MBank did not receive any preferential transfer — it gave new value for the security interest. Furthermore, because the direct and indirect transfers are separate and independent, the trustee does not even need to challenge the direct transfer of the increased security interest to MBank, or seek any relief at all from MBank, in order to attack the indirect transfer and recover under 11 U.S.C. § 550 from the indirect transferee Blue Quail.
We hold that a creditor cannot secure payment of an unsecured antecedent debt through a letter of credit transaction when it could not do so through any other type of transaction. The purpose of the letter of credit transaction in this case was to secure payment of an unsecured antecedent debt for the benefit of an unsecured creditor. This is the only proper way to look at such letters of credit in the bankruptcy context. The promised transfer of pledged collateral induced the bank to issue the letter of credit in favor of the creditor. The increased security interest held by the bank clearly benefitted the creditor because the bank would not have issued the letter of credit without this security. A secured creditor was substituted for an unsecured creditor to the detriment of the other unsecured creditors.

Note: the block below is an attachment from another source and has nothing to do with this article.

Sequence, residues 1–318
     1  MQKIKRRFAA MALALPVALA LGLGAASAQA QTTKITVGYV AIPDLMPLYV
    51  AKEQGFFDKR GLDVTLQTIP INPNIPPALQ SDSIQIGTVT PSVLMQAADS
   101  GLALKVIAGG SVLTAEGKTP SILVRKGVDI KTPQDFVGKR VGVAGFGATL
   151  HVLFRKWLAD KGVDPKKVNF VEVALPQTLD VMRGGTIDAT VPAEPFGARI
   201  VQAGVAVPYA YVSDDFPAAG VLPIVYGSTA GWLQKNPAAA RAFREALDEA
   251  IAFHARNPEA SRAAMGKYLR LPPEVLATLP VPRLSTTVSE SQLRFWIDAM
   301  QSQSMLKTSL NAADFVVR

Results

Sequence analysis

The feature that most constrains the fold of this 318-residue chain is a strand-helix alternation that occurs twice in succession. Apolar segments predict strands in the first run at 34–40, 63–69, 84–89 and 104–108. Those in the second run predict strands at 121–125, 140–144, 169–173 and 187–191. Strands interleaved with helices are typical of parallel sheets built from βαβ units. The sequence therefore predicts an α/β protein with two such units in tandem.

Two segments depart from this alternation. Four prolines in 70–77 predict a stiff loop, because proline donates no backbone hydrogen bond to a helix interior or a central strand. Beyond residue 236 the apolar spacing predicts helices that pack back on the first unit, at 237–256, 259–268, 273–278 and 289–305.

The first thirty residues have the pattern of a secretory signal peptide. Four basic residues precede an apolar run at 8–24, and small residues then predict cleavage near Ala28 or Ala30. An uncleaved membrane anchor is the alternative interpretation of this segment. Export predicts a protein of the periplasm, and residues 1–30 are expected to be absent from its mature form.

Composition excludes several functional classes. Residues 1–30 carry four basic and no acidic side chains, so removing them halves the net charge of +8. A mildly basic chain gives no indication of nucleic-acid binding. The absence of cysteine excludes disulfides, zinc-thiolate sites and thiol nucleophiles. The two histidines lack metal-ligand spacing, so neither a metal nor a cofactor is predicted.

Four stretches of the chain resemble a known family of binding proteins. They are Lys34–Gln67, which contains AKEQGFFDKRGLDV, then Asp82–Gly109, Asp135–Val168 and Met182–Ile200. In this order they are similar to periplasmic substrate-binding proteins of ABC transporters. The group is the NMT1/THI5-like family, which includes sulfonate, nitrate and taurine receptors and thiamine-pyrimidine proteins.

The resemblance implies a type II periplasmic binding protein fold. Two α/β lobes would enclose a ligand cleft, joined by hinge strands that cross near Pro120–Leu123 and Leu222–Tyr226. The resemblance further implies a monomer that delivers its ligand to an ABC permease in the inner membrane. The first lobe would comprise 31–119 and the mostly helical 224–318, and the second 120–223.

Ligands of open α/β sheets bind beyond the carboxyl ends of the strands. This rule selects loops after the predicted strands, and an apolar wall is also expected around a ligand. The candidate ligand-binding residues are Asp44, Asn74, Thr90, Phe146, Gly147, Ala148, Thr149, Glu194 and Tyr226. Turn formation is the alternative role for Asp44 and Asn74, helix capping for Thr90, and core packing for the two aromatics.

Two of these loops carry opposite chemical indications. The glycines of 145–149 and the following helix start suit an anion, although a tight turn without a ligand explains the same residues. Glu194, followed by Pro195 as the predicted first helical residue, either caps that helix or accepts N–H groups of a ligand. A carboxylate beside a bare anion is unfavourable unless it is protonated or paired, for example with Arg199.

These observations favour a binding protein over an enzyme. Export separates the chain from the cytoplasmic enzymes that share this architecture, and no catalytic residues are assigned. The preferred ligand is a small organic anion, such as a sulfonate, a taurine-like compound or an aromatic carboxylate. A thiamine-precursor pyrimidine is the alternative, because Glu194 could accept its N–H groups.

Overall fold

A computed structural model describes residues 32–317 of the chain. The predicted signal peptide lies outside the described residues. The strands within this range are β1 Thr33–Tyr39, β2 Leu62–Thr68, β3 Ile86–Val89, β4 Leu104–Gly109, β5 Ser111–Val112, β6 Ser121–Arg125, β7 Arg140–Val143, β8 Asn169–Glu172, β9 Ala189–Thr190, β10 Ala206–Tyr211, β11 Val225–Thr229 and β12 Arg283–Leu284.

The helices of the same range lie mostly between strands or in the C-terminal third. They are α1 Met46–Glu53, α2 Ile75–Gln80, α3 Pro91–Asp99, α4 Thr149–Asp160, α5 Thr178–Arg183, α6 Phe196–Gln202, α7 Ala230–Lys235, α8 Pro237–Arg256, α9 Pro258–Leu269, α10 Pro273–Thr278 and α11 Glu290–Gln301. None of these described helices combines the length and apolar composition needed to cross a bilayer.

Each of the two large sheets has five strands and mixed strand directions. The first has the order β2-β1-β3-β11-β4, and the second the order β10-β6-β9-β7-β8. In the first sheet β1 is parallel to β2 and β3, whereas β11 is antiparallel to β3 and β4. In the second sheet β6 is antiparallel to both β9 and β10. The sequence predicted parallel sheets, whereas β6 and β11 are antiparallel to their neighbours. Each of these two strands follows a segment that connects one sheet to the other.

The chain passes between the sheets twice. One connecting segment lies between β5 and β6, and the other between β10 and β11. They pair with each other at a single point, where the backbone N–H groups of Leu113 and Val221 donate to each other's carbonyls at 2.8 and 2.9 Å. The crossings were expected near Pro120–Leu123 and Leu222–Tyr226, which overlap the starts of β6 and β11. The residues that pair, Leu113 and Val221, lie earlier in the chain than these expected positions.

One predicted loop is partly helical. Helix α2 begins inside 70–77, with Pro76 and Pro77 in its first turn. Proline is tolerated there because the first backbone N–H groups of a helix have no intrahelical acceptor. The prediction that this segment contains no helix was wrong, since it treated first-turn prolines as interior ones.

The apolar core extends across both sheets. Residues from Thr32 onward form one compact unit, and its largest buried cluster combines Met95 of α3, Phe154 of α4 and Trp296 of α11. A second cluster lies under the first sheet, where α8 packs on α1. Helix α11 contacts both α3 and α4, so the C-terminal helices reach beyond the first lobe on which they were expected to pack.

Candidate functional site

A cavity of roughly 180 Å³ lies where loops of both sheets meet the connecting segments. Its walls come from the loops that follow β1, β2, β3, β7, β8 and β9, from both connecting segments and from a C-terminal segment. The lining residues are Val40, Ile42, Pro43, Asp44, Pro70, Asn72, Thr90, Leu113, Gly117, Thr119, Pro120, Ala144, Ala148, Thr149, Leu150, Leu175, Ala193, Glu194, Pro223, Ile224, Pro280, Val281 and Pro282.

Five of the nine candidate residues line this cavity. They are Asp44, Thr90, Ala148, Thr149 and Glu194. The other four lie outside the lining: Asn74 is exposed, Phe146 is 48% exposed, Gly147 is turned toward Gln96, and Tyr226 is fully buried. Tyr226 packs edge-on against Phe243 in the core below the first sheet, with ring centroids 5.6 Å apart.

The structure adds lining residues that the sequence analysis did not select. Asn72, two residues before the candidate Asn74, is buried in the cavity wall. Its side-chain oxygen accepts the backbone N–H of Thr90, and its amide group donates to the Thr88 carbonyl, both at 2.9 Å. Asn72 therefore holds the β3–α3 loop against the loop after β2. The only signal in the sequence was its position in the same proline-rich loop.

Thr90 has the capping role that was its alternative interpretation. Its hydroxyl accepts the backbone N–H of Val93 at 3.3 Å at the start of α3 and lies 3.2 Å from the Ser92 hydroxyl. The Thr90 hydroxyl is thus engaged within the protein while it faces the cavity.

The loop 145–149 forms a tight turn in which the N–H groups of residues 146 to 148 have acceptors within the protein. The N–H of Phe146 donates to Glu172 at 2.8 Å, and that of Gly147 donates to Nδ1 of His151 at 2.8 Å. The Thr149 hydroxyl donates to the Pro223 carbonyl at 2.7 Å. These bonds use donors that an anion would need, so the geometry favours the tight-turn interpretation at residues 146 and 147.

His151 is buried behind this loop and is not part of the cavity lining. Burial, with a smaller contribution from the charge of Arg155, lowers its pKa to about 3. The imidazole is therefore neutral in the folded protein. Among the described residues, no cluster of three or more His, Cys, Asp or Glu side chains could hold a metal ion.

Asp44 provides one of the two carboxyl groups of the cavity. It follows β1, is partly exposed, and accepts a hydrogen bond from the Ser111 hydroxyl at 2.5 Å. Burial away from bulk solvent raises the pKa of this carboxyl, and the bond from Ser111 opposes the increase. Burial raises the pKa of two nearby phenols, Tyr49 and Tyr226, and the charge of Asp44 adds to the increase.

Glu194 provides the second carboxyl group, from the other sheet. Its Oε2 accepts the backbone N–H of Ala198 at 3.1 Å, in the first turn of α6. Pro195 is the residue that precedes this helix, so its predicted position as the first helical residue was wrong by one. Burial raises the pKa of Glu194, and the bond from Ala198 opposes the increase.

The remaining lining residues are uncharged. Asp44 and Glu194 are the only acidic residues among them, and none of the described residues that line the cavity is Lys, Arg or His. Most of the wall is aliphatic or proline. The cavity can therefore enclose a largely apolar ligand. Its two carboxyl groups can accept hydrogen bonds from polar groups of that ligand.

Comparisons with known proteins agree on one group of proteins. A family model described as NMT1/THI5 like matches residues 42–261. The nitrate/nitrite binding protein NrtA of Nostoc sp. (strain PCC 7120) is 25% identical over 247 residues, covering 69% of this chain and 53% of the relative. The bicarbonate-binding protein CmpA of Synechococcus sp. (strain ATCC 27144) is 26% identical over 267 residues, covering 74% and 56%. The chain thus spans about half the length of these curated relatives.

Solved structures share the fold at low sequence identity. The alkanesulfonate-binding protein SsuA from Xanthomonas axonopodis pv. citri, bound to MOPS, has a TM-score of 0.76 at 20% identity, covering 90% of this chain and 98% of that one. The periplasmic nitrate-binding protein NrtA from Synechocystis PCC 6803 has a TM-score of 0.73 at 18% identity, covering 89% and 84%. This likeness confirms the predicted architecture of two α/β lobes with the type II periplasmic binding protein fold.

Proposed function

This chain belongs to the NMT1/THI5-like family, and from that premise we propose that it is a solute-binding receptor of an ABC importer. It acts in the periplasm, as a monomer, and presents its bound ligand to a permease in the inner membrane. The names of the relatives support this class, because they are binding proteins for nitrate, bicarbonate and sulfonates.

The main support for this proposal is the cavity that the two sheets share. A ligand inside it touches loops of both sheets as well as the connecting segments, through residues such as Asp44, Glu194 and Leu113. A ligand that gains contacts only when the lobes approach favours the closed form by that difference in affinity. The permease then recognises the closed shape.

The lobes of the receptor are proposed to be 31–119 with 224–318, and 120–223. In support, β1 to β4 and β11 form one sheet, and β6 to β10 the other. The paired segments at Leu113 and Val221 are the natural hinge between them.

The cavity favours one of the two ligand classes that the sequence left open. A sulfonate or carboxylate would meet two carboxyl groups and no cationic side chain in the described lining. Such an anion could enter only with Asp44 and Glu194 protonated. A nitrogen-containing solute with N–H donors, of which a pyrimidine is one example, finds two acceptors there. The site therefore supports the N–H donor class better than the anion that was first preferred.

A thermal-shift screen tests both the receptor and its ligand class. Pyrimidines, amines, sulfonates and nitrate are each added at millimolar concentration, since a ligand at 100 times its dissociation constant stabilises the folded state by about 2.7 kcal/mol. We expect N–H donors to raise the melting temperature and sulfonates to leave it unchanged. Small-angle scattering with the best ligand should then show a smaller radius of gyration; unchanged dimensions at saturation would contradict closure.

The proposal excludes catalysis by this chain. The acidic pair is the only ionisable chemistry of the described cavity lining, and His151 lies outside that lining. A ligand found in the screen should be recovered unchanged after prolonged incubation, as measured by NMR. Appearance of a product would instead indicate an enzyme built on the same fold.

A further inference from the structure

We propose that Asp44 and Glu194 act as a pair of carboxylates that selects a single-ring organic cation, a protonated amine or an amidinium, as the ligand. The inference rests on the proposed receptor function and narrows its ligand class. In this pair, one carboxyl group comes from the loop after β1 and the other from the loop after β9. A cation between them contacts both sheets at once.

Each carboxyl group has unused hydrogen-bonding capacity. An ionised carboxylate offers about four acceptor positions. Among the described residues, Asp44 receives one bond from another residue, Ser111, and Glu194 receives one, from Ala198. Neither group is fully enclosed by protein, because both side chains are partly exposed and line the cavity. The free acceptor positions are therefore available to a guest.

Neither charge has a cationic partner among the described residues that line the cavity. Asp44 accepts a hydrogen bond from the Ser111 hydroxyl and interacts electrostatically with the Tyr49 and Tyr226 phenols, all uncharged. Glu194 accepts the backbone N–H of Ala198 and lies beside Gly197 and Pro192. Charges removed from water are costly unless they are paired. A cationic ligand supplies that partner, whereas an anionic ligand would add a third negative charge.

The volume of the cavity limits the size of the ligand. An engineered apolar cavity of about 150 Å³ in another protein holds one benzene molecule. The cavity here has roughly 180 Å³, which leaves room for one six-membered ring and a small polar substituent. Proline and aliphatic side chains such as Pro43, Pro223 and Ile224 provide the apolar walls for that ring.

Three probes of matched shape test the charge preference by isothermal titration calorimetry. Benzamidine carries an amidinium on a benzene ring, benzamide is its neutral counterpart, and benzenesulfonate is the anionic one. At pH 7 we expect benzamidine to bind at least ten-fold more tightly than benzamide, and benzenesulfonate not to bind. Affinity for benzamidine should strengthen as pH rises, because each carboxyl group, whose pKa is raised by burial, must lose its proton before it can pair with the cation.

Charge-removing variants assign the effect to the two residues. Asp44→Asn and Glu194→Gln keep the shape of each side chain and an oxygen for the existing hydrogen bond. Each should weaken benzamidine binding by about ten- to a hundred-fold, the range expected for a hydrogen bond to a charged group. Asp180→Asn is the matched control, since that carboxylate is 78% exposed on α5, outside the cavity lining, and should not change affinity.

We also hold, therefore, that the trustee can recover under 11 U.S.C. § 550(a)(1) the value of the transferred property from "the entity for whose benefit such transfer was made." In the case at bar, this entity was the creditor beneficiary, not the issuer, of the letter of credit even though the issuer received the direct transfer from the debtor. The entire purpose of the direct/indirect doctrine is to look through the form of a transaction and determine which entity actually benefitted from the transfer.
We have found only one prior case that has fully addressed the application of the direct/indirect doctrine in the context of a letter of credit transaction. In re Air Conditioning, Inc. of Stuart, 55 B.R. 157 (Bankr.S.D.Fla. 1985), affirmed in part, reversed in part 72 B.R. 657 (S.D.Fla. 1987) (currently on appeal to the Eleventh Circuit). In a carefully and thoroughly reasoned opinion, the court reached the same conclusion we reach in this case.